Yes, keep your old tax returns.
One of the benefits of keeping your tax returns from year to year is that you can look at last year's return while preparing this year's. It's a handy reference and reminds you of deductions you may have forgotten.
Another reason to keep your old tax returns is that there may be information in an old return that you need later.
Audits and your old tax returns
Here's a reason to keep your old returns that may surprise you. If the IRS calls you in for an audit, the examiner will more than likely ask you to bring your tax returns for the last few years. You'd think the IRS would have them handy, but that's not the way it works. More than likely, your old returns are stored in a computer, in a storage area, or on microfilm somewhere. Usually, your IRS auditor has just a report detailing the reason the computer picked your return for the audit. So having your old returns allows you to easily comply with your auditor's request.
How long should I keep my old tax returns?
You may want to keep your old returns forever, especially if they contain information such as the tax basis of your house. Probably, though, keeping them for the previous three or four years is sufficient.
If you throw out an old return that you find you need, you can get a copy of your most recent returns (usually the last six years) from the IRS. Ask the IRS to send you Form 4506, Request for Copy or Transcript of Tax Form. When you complete the form, send it, with the required small fee, to the IRS Service Center where you filed your return.
Unless you own or operate your own business, partnership, or S corporation, recordkeeping does not have to be fancy.
Your recordkeeping system can be as casual as storing receipts in a box until the end of the year, then transferring the records, along with a copy of the tax return you file, to an envelope or file folder for longer storage.
To make it easy on yourself, you might want to separate your records and receipts into categories, and file them in labeled envelopes or folders. It's also helpful to keep each year's records separate and clearly labeled.
If you have your own business, or if you're a partner in a partnership or an S corporation shareholder, you might find it valuable to hire a bookkeeper or accountant.
Do you contribute to charity?
If you donate to a charity, you must have receipts to prove your donation.
Starting in 2007, contributions in cash or by check aren't deductible at all unless substantiated by one of the following:
- A bank record that shows the name of the qualified organization, the date of the contribution, and the amount of the contribution. Bank records may include: a canceled check, a bank or credit union statement or a credit card statement.
- A receipt (or letter or other written communication) from the qualified organization showing the name of the organization, the date of the contribution, and the amount of the contribution.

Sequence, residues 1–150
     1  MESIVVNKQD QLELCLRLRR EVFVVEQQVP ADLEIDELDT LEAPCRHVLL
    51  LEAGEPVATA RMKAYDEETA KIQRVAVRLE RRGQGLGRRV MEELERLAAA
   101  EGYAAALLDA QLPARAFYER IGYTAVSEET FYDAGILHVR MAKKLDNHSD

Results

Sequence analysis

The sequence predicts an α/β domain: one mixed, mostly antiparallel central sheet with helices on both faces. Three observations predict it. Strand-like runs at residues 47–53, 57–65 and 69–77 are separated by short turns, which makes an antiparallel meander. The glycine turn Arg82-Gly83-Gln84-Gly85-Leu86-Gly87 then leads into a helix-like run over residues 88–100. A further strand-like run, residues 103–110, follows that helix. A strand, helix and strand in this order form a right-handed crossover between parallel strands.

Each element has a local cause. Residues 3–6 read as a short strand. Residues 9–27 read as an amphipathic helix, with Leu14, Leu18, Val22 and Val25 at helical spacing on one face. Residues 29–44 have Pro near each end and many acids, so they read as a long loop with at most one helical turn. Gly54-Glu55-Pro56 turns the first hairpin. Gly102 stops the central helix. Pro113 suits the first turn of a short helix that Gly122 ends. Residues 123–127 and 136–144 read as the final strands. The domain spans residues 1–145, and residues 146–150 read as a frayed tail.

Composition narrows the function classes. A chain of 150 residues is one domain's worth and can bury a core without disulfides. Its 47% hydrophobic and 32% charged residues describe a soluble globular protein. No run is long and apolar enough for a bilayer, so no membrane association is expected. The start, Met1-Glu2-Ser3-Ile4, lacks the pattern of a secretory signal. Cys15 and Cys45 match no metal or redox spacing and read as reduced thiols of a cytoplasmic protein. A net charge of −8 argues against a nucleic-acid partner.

- Payroll deduction records. The payroll records must include a pay stub, Form W-2 or other document furnished by the employer that shows the date and the amount of the contribution, and a pledge card or other document prepared by or for the qualified organization that shows the name of the organization.
Besides deducting your cash and non-cash charitable donations, you can also deduct your mileage to and from charity work. If you deduct mileage for your charitable efforts, keep detailed records of how you figured your deduction.
Are you employed by someone else?
If you work for someone else and spend your own money on company business, keep good records of your business expense receipts. You will need these records to either get a reimbursement from your employer or to prove business-related deductions that you take on your taxes.
Do you have income from tips?
If you make tips from your job, the hand of the IRS reaches here too, and if you are ever audited, the IRS will be interested in records of how much you made in tips.
Do you own property?
If you own property, be particularly careful to keep receipts or some other proof of all your expenses, especially for repairs and improvements.
Do you hire domestic workers?
It's important to keep accurate information about who works for you, including nannies and housekeepers, when and where they worked for you, and how much you paid them for the work.
Do you have a business?
If you have a business, you must keep very careful records of all your business expenses, including vehicle mileage, entertainment expenses, and travel expenses.
If you have a business, just because you have cash in your pocket doesn't mean you're in the black on the books. Keeping up-to-date records of all transactions and costs will not only help you tax wise, but it will also tell you if your business is actually profitable.
Do you travel for your business?
If you travel for business, keep good receipts and logs of all your travel expenses, including those for meals and entertainment. You will need this information whether you work for yourself or for someone else.